The final settlement costs amounted to just 0.00105% of the total value transferred of $451.3 billion.

According to CryptoFees, Bitcoin is seventh in the list of networks ordered by daily transaction fees. Its seven-day average is around $678,000 which puts it behind Ethereum, Uniswap, Binance Smart Chain, SushiSwap, Aave, and Compound.

The fee tracking platform currently reports that Ethereum is currently processing $53 million in daily fees, 98.7% more than the Bitcoin network. Bitcoin and Ethereum should not be compared in terms of value settlement and fees as they are two different entities — the former is a store of value asset and the latter a smart contract and decentralized application network. 

Ethereum’s mean transaction volume divided by the fees comes out at just $139 in value transacted per dollar in fees.

The settlement efficiency of the Ethereum network has declined as more value has accrued to the network and a much greater demand has been put on it, especially with the rise of DeFi and NFTs over the past 18 months.

Related: Bitcoin network tags record high for daily settlement volume

According to Bitinforcharts, the average transaction fee on the Bitcoin network is around $2.13 at the moment. Comparatively, the Ethereum network’s average fee is a whopping $42.58. As reported by Cointelegraph yesterday, Bitcoin transaction fees are down by more than 50% this year.

The divergence in average transaction fees between the two networks can be seen widening from the end of July.

Average BTC and ETH tx fees, 6M – Bitinfocharts.com

Ethereum’s network fee woes can be circumvented by using layer two networks which have surged in adoption over the past couple of months with a near all-time high total value locked of $6.87 billion according to L2beat.




Cointelegraph By Martin Young

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The $4,700 Bitcoin (BTC) price spike on Nov. 29 was likely a great relief for holders, but it seems premature to call the bottom according to derivative metrics. 

This should not come as a surprise because Bitcoin price is still 15% below the $69,000 all-time high set on Nov. 10. Just 15 days later, the cryptocurrency was testing the $53,500 support after an abrupt 22% correction.

Today’s trend reversal was possibly encouraged by MicroStrategy’s announcement that it had acquired 7,002 Bitcoin on Monday at an average price of $59,187 per coin. The listed company raised money by selling 571,001 shares between Oct. 1 and Nov. 29, raising a total of $414.4 million in cash.

More bullish news came after German stock market operator Deutsche Boerse announced the listing of the Invesco Physical Bitcoin exchange-traded note or ETN. The new product will trade under the ticker BTIC on Deutsche Boerse’s Xetra digital stock exchange.

Data shows pro traders are still neutral-to-bullish

To understand how bullish or bearish professional traders are positioned, one should analyze the futures basis rate. That indicator is also known as the futures premium, and it measures the difference between futures contracts and the current spot market at regular exchanges.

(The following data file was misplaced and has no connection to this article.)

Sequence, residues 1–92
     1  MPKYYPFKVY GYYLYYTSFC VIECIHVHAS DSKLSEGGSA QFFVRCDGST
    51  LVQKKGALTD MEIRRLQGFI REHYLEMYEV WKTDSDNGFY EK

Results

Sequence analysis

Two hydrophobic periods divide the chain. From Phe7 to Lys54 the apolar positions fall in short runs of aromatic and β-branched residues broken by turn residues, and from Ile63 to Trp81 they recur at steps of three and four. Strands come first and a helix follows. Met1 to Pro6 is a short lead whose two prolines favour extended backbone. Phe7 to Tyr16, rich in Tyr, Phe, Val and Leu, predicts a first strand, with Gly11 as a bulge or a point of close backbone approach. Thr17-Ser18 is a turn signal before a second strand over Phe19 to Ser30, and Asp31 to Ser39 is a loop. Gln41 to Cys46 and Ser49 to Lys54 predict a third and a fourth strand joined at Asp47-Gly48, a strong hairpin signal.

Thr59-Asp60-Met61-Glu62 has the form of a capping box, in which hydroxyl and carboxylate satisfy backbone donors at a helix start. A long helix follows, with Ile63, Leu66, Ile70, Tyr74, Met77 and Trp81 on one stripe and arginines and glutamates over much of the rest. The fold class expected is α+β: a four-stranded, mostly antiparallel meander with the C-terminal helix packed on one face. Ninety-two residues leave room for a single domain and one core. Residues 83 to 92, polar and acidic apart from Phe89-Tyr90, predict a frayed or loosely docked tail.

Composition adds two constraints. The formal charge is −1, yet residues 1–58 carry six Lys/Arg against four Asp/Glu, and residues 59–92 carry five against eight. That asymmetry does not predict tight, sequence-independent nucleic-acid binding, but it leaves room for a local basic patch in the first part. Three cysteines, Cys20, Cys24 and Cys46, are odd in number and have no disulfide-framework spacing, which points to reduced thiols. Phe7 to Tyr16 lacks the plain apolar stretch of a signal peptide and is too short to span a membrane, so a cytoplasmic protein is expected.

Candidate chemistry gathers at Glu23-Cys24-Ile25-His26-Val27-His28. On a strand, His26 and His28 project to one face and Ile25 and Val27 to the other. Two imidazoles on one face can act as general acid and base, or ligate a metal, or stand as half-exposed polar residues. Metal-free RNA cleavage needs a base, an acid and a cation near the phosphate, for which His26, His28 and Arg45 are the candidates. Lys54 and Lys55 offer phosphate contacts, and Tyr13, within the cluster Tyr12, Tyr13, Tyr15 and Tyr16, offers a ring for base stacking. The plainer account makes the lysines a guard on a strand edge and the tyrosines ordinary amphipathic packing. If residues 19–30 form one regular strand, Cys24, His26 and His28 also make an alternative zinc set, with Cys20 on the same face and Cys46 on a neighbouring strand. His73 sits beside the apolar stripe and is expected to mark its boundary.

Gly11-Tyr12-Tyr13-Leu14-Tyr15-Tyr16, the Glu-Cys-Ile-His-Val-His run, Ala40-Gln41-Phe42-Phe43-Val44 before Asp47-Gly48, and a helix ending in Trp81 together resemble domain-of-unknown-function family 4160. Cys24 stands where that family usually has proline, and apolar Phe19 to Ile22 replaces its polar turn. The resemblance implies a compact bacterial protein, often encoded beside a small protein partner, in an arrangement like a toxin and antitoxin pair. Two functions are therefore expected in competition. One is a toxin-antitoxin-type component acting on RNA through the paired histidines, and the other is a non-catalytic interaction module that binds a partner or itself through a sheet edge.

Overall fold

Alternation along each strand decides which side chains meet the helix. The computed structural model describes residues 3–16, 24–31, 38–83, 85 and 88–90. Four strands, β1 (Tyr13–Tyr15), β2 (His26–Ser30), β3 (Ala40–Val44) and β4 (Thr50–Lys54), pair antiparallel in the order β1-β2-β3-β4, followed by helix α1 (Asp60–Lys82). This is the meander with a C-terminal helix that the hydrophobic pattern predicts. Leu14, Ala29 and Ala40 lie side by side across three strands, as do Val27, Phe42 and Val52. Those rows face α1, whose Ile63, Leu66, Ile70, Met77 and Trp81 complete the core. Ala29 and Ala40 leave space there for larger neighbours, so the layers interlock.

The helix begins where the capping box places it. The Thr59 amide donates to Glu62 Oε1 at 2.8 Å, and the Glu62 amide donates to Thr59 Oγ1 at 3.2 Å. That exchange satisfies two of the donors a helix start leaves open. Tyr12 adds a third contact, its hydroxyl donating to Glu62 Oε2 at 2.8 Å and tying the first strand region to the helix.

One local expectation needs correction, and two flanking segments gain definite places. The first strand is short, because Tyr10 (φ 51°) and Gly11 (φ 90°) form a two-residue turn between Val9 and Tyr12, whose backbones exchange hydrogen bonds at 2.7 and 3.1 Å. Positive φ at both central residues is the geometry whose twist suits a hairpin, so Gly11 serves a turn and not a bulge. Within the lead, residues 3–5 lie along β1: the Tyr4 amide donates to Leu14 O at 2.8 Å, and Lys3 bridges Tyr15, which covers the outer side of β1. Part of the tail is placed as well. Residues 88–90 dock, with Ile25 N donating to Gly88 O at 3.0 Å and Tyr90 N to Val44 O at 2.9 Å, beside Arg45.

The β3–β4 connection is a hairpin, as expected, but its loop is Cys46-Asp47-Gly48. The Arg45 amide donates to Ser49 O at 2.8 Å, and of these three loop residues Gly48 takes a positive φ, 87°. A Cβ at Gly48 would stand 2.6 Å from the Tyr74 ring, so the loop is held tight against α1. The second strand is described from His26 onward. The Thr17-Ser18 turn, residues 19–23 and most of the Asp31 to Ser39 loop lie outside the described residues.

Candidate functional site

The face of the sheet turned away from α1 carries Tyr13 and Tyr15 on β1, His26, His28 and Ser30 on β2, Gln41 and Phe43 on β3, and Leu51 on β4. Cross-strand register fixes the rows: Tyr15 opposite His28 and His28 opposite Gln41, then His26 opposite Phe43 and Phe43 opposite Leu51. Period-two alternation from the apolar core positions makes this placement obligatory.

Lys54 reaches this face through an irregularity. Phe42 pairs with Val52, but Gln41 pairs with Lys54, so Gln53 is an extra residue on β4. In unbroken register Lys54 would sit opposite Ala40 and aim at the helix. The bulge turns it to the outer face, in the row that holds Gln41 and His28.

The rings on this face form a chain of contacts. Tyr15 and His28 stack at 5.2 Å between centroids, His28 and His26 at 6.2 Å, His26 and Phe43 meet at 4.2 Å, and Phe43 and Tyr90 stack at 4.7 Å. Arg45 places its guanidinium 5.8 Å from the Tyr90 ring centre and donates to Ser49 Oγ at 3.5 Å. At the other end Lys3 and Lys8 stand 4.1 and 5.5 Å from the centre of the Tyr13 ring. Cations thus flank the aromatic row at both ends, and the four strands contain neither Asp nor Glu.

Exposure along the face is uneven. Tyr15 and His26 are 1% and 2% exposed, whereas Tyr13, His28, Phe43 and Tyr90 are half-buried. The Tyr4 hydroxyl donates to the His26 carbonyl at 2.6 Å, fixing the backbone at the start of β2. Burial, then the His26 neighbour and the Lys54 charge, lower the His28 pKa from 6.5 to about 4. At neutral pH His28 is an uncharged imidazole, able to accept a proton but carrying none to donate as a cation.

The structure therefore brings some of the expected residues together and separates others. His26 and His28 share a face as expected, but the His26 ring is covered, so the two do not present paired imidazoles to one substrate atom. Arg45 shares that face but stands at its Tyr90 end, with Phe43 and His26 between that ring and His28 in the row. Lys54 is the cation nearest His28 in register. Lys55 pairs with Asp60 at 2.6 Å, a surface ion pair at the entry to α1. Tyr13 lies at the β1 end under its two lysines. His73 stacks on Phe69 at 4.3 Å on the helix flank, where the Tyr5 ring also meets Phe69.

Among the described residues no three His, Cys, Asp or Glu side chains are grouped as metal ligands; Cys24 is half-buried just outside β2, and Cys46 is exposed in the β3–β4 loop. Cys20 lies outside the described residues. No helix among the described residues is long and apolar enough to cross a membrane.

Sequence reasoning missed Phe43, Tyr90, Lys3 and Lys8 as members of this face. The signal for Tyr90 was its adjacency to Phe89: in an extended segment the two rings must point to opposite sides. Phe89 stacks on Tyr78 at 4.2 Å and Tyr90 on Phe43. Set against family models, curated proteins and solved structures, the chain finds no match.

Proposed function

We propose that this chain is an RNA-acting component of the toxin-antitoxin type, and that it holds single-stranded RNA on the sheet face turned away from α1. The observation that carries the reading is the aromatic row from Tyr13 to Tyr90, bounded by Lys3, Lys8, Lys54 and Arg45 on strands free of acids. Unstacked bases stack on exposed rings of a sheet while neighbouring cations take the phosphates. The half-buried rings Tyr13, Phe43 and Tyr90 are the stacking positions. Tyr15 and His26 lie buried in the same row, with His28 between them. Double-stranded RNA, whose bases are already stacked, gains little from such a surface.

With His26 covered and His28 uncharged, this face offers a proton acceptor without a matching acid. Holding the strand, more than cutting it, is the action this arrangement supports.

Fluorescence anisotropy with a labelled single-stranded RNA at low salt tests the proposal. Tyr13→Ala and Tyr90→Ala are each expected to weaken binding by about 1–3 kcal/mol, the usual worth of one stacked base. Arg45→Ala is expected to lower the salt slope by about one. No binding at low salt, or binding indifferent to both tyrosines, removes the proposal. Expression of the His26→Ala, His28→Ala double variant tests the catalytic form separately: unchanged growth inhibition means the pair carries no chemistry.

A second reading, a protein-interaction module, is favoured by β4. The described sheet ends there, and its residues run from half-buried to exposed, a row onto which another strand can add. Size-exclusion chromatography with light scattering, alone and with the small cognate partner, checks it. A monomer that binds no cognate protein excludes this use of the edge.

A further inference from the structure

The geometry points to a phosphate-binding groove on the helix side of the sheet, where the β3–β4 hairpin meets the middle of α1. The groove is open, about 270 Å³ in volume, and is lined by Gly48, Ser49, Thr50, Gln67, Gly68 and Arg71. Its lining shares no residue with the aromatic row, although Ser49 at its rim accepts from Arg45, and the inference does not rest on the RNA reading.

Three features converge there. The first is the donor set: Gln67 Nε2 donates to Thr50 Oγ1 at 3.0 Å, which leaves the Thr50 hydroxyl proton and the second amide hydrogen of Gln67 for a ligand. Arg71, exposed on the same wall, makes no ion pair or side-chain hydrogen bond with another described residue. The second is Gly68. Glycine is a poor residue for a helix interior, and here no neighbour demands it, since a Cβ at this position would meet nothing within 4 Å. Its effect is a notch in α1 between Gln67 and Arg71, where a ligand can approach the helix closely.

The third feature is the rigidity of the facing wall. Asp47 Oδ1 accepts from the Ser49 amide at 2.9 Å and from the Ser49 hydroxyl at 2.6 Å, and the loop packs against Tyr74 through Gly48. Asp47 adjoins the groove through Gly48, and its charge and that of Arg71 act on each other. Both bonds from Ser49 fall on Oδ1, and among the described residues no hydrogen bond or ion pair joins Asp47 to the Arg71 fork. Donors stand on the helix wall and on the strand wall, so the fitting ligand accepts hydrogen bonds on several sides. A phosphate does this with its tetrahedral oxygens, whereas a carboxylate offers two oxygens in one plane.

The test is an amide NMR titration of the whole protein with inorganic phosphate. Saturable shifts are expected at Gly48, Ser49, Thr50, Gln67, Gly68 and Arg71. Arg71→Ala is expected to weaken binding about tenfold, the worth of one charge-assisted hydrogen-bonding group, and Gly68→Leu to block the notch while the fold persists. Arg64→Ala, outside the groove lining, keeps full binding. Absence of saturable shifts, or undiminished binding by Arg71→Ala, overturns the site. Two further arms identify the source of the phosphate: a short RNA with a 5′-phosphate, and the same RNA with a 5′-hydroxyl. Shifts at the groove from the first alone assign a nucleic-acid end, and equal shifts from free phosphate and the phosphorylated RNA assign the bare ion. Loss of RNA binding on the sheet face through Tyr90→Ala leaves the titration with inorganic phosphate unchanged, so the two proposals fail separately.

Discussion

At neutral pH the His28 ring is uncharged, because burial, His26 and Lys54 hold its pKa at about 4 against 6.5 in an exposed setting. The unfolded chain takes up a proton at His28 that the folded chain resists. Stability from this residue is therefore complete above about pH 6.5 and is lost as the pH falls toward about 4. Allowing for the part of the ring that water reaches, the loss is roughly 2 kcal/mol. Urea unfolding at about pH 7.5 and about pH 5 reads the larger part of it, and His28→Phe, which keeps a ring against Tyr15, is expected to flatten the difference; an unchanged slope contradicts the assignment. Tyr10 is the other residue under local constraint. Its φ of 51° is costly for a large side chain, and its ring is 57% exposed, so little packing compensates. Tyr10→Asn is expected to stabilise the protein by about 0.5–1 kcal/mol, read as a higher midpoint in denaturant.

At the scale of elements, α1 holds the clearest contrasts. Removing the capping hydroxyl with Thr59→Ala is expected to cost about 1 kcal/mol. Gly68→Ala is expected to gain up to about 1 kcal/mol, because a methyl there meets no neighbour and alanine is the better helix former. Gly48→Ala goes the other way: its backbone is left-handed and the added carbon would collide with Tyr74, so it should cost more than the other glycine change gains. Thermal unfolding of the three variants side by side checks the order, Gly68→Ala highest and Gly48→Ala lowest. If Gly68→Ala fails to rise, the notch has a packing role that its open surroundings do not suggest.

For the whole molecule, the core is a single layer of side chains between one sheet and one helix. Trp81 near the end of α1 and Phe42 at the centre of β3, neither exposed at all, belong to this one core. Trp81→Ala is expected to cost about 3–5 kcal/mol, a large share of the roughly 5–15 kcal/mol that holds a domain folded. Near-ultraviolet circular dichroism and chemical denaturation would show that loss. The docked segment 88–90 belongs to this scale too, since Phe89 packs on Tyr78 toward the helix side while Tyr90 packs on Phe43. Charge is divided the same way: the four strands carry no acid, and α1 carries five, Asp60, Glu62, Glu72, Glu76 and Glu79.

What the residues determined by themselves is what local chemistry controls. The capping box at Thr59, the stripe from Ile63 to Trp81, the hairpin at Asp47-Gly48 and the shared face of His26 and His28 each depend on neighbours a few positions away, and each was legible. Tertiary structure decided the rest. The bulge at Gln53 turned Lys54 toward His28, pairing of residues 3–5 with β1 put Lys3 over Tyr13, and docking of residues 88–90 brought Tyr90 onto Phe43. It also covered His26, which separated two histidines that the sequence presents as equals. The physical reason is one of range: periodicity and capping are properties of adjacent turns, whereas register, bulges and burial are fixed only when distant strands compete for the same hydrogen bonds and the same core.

Bitcoin’s quarterly futures are the preferred instruments of whales and arbitrage desks. Even though derivatives might seem complicated for retail traders due to their settlement date and price difference from spot markets, the most notorious benefit is the lack of a fluctuating funding rate.

Bitcoin 3-month futures basis rate. Source: Laevitas.ch

The three-month futures typically trade with a 5%–15% annualized premium, which is deemed an opportunity cost for arbitrage trading. By postponing settlement, sellers demand a higher price and this causes the price difference.

Notice the 9% bottom on Nov. 27, as Bitcoin tested the $56,500 support. Then, after Monday’s rally above $58,000, the indicator shifted back to a healthy 12%. Even with this movement, there is no sign of excitement, but none of the past few weeks could be described as a bearish period.

Related: Key data points suggest the crypto market’s short-term correction is over

Lending markets provide additional insight

Margin trading allows investors to borrow cryptocurrency to leverage their trading position, therefore increasing the returns. For example, one can buy Bitcoin by borrowing Tether (USDT), thus increasing the exposure. On the other hand, borrowing Bitcoin can only be used to short it or bet on the price decrease.

Unlike futures contracts, the balance between margin longs and shorts isn’t necessarily matched.

OKEx USDT/BTC margin lending ratio. Source: OKEx

When the margin lending ratio is high, it indicates that the market is bullish—the opposite, a low lending ratio signals that the market is bearish.

The chart above shows that traders have been borrowing more Bitcoin recently, because the ratio decreased from 21.9 on Nov. 26 to the current 11.3. However, the data leans bullish in absolute terms because the indicator favors stablecoin borrowing by a wide margin.

Derivatives data shows zero excitement from pro traders even as Bitcoin gained 9% from the $53,400 low on Nov. 28. Unlike retail traders, these experienced whales avoid FOMO, although the margin lending indicator shows signs of excessive optimism.

The views and opinions expressed here are solely those of the author and do not necessarily reflect the views of Cointelegraph. Every investment and trading move involves risk. You should conduct your own research when making a decision.




Cointelegraph By Marcel Pechman